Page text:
Virginia launches state financial aid form for students ineligible for FAFSA

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The Commonwealth of Virginia this month launched an online application that allows undocumented students who are ineligible for federal student aid to receive state support, offering an alternative for students who can’t submit required financial information through the federal form.

Undocumented students who meet certain residency requirements in Virginia can apply for state financial aid directly beginning in fall 2022, following a state bill passed last spring. Virginia typically based its financial aid distribution on eligibility information pulled from the federal application, like expected family contribution, said Lee Andes, associate director of financial aid for the State Council of Higher Education for Virginia.

“We don’t have any function or anything close to begin to duplicate this,” Andes told EdScoop. “So when we first started talking about the possibility of this happening, I reached out to many of the states who are were ahead of us who are offering state aid to their undocumented population to [ask], ‘How are you doing this?'”

According to the National Conference of State Legislatures, there are seven other states that offer financial aid to undocumented students: California, Colorado, Minnesota, New Mexico, Oregon, Texas and Washington. Some built their own systems, but Virginia last summer hired Regent Education, a technology company that built portals for Colorado, Oregon and Washington.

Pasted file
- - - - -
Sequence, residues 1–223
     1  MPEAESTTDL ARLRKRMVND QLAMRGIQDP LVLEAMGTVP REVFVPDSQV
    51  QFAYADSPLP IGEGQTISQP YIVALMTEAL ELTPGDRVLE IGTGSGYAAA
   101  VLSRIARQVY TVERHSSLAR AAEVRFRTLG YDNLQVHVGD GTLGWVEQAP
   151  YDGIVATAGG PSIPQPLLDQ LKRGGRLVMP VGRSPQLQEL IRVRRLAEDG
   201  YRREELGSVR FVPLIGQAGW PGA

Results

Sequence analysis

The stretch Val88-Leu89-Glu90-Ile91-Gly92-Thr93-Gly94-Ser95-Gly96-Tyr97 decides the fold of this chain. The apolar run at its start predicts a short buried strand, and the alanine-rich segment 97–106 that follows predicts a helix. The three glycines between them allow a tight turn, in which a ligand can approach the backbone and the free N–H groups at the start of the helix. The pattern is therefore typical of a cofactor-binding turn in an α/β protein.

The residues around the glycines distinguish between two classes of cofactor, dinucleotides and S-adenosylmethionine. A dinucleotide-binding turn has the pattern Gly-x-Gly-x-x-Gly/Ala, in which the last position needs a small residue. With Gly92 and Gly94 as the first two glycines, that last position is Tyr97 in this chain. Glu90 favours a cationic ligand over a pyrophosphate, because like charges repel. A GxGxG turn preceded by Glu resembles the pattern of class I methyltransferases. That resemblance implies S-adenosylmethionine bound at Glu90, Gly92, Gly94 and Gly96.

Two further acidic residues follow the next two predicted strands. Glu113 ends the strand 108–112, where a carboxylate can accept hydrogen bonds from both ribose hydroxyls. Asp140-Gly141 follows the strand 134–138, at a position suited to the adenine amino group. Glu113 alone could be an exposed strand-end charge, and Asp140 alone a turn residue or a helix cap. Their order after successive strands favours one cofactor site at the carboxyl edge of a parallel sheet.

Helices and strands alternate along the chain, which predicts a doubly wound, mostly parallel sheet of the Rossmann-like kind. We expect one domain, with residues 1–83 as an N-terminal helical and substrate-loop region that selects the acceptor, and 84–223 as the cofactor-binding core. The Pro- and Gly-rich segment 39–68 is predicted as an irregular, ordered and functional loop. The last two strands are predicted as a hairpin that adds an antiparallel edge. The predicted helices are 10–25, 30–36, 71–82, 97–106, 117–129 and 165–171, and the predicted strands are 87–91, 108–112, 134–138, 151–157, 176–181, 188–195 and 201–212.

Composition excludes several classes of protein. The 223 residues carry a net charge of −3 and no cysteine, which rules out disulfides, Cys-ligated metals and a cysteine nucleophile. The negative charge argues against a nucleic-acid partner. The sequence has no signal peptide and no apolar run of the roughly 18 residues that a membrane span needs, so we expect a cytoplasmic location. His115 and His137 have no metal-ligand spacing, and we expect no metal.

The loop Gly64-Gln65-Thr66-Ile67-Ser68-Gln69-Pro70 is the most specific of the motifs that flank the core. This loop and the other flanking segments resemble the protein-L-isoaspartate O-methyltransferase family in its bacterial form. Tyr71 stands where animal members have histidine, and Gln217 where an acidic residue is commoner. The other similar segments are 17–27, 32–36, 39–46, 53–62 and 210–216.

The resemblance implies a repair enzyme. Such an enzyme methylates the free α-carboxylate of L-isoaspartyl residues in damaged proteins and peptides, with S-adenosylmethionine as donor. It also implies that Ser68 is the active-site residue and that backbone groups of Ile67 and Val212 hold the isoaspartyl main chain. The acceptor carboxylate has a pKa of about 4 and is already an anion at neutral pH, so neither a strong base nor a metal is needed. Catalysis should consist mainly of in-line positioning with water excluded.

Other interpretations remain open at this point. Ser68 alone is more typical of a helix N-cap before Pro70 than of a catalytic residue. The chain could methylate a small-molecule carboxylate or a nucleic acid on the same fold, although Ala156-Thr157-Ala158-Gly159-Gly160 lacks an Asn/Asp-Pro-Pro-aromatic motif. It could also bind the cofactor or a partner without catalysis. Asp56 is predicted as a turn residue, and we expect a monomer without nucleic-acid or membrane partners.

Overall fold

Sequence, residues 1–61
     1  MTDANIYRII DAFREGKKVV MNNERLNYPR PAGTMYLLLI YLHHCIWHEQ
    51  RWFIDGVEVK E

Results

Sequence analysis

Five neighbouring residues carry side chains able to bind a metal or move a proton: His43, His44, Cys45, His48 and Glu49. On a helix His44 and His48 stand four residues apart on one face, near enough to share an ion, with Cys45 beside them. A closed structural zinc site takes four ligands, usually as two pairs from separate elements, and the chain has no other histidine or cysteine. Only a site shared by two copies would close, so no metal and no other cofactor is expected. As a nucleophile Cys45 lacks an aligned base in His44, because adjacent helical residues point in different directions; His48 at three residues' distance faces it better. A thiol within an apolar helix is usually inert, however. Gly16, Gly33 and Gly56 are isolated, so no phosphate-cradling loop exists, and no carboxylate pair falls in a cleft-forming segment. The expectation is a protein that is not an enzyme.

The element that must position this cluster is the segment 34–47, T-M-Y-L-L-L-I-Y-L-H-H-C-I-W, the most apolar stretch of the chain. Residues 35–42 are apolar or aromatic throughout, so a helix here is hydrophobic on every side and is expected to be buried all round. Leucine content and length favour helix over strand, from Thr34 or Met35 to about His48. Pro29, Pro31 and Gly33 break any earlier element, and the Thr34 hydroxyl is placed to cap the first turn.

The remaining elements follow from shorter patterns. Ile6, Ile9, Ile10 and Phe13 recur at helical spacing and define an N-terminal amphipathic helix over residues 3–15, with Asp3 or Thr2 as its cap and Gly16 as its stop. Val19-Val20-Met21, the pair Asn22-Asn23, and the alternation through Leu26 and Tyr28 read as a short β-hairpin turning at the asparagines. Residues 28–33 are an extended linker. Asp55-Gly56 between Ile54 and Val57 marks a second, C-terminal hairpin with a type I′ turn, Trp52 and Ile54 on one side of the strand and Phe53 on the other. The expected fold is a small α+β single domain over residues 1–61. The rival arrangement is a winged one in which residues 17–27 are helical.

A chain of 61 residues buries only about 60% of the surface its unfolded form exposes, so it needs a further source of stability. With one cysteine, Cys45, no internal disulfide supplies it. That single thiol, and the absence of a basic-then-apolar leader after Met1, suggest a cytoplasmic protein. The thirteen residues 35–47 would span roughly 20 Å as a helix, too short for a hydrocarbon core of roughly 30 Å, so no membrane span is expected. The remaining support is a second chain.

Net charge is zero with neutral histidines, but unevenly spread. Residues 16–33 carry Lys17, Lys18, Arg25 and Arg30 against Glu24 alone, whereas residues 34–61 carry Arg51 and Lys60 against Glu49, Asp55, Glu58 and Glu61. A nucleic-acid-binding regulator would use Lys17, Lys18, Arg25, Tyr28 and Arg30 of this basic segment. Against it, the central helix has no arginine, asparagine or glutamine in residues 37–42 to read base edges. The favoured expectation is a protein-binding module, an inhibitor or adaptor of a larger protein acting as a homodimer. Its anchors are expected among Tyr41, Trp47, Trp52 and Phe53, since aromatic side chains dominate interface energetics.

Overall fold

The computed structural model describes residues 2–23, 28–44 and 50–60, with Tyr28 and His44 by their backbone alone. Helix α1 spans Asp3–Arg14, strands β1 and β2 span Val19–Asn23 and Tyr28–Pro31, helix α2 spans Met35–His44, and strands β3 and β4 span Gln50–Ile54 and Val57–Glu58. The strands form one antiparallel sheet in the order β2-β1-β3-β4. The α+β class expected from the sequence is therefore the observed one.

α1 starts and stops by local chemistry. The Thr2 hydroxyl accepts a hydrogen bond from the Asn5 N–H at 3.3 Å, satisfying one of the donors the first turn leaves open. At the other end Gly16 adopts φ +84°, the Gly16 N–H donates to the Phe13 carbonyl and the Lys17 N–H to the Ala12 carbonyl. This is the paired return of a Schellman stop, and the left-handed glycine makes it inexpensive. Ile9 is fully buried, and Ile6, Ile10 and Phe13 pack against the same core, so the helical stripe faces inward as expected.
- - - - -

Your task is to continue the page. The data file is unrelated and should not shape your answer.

Regent, which offers software for automated financial aid packaging and disbursement, bases its solutions on how the FAFSA collects and processes information, making it easier to mirror that process on a state level, marketing director Diane Eves told EdScoop. The Regent portal also includes features included in the federal online form, including a mobile app and Spanish translations.

Originally the Virginia legislation called for eligibility to start in fall 2021, but the bill passed after the typical financial aid application window, which Andes said gave the state three extra months for development.

Since the system launched Jan. 6, users have started about 200 applications and completed 96. Virginia’s financial aid office is working to raise awareness of the new system, pushing the news on social media and sharing the news with high school counselors, superintendents and advocacy groups. Andes said that for sharing new systems or processes, the key is communicating “multiple ways, multiple times.”

There is no state deadline to apply for financial aid, as individual institutions set those deadlines.

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